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Questions to ask about chemotherapy

The following are questions that you can ask the healthcare team about chemotherapy treatments. Choose the questions that fit your, or your child’s, situation and add questions of your own. You may find it helpful to take the list to the next appointment and to write down the answers.

  • What is chemotherapy?
  • What are the benefits and risks of chemotherapy?
  • What type of chemotherapy is used for this cancer? Is more than one drug used?
  • What are the brand and generic names of the drug(s)? What is the correct spelling?
  • When will chemotherapy be given? Is there a waiting list for chemotherapy?
  • How is chemotherapy given? How often? Over what period of time?
  • Where will chemotherapy take place?
  • Does chemotherapy require a hospital stay? If so, for how long?
  • Can a support person (such as partner, parent or friend) stay during chemotherapy?
  • Can any treatment be done at home? Is any special equipment or training needed?
  • What are the chances it will be successful? When will we know?
  • Is any preparation needed for chemotherapy?
  • What tests are done during chemotherapy?
  • Will other treatments (like radiation therapy or biological therapy) be used at the same time as chemotherapy?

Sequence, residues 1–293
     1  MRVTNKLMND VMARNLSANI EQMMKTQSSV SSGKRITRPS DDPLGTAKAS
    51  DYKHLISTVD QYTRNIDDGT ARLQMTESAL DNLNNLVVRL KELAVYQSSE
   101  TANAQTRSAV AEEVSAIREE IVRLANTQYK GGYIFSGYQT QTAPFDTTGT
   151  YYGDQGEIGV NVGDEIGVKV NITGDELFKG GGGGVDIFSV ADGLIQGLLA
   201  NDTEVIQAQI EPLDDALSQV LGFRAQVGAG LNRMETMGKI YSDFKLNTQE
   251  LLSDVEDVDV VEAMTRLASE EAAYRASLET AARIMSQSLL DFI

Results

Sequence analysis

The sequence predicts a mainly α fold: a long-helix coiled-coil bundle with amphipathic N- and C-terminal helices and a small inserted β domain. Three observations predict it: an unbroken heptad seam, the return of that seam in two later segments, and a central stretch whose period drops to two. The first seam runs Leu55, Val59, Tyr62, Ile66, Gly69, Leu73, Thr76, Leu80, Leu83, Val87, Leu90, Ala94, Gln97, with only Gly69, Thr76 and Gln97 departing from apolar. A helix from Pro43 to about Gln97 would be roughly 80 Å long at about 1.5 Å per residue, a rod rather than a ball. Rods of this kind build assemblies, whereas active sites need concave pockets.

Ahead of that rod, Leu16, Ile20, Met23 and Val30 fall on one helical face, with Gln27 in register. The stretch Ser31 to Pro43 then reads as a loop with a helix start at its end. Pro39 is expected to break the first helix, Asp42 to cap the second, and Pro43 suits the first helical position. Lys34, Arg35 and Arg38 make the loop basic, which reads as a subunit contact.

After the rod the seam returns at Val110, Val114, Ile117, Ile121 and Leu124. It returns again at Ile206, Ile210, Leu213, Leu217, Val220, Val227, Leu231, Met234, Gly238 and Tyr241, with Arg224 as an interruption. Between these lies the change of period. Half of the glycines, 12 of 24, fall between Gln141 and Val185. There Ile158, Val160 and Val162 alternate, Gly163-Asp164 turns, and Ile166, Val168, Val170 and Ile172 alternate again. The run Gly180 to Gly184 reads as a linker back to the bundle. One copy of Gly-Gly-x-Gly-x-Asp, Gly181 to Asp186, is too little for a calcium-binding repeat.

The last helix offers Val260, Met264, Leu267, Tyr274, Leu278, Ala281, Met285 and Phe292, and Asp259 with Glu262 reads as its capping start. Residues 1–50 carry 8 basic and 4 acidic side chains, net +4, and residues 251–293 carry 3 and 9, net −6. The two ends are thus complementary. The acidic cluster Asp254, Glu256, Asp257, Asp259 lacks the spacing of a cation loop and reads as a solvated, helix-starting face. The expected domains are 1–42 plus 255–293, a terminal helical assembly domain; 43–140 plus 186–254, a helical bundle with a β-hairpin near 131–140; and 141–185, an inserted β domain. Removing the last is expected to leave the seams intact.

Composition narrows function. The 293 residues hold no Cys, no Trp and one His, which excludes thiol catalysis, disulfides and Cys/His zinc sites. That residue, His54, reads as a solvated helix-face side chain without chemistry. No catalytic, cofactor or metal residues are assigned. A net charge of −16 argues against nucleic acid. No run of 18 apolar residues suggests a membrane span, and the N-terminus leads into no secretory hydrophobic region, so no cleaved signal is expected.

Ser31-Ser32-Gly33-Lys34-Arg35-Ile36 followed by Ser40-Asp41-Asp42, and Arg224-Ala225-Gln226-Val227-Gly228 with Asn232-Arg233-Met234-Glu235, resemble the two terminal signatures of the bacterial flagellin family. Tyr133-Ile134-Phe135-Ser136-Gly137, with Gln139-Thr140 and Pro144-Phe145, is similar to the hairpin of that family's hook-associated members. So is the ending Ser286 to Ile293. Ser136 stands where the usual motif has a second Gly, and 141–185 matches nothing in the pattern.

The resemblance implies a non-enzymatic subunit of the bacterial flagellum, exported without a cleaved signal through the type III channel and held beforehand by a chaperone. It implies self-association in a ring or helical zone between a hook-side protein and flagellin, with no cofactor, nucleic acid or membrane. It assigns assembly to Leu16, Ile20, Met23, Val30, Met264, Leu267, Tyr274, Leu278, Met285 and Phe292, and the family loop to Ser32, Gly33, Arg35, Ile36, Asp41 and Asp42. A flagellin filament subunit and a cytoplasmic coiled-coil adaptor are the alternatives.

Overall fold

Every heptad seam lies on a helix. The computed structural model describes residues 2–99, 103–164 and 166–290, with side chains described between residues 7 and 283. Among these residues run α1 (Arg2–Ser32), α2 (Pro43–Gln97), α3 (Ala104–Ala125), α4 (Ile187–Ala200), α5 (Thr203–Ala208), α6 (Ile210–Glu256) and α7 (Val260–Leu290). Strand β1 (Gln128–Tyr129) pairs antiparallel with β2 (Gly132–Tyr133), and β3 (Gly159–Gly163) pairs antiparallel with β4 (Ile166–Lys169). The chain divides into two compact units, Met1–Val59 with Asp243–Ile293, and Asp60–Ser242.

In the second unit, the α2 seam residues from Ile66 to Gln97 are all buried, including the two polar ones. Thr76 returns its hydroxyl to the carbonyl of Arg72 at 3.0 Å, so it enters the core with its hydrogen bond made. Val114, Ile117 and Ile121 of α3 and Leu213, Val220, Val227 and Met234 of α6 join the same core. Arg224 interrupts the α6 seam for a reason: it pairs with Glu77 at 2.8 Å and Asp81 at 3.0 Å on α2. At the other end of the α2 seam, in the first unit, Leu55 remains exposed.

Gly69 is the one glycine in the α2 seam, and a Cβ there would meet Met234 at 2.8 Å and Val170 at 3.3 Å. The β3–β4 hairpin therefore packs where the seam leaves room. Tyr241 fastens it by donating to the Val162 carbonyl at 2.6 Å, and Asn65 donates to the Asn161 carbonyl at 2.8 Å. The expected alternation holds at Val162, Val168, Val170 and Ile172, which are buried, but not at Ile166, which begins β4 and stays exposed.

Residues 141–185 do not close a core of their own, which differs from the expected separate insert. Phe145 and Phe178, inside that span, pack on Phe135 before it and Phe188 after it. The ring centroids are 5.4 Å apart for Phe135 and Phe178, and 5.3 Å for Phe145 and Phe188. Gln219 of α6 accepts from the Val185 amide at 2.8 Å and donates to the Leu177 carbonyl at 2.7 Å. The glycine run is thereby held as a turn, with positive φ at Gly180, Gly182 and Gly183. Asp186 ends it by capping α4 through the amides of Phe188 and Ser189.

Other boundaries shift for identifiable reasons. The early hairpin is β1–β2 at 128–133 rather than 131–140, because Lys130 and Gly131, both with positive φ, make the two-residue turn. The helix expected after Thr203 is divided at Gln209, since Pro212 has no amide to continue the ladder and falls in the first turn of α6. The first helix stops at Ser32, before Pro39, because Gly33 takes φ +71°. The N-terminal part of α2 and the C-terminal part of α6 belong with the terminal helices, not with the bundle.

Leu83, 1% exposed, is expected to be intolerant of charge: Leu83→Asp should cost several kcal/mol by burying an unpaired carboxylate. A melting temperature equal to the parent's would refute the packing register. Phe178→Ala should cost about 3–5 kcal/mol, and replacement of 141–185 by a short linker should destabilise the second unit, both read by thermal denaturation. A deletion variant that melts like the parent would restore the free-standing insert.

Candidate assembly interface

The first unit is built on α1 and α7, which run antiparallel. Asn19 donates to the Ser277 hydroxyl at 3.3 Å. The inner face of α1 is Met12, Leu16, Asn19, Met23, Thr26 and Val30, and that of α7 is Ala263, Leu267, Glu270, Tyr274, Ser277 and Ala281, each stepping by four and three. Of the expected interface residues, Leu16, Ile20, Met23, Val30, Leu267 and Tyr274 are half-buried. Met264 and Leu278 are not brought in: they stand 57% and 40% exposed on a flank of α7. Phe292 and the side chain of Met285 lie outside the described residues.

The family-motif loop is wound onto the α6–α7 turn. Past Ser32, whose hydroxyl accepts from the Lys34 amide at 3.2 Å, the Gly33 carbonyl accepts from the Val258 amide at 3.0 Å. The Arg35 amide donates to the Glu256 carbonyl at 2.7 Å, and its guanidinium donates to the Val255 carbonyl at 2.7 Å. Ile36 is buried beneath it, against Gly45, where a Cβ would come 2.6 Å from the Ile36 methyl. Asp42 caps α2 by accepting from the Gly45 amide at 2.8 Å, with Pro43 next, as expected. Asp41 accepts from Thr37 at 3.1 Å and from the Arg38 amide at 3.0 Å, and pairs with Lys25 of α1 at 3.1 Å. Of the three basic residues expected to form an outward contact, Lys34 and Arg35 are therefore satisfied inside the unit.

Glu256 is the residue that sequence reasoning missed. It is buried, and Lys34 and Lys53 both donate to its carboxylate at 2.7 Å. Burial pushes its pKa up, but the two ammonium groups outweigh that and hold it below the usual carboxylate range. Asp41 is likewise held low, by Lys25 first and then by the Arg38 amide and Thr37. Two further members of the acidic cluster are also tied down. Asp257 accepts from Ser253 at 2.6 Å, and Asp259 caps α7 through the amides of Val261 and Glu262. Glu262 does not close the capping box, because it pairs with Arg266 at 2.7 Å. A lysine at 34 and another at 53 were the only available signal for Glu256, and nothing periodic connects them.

• Are any immunizations or vaccinations needed before chemotherapy starts?
  • Will the drug(s) interact with any over-the-counter drugs (for example, Tylenol) or vitamins?
  • What are possible side effects of chemotherapy? When would they start? How long do they usually last?
  • Which side effects should I report right away? Who do I call?
  • What can be done to treat side effects?
  • Is a special diet needed? Do any foods interact with the chemotherapy drugs?
  • Are there special things that I should or should not do during or after chemotherapy?
  • Will chemotherapy affect usual activities? If so, for how long?
  • Will there be other treatments after chemotherapy? If so, what kind?
  • When are follow-up visits scheduled? Who is responsible for follow-up after chemotherapy?

Stories

Eleanor Rudd We realize that our efforts cannot even be compared to what women face when they hear the words ... ‘you have cancer.’

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Great progress has been made

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Some cancers, such as thyroid and testicular, have survival rates of over 90%. Other cancers, such as pancreatic, brain and esophageal, continue to have very low survival rates.

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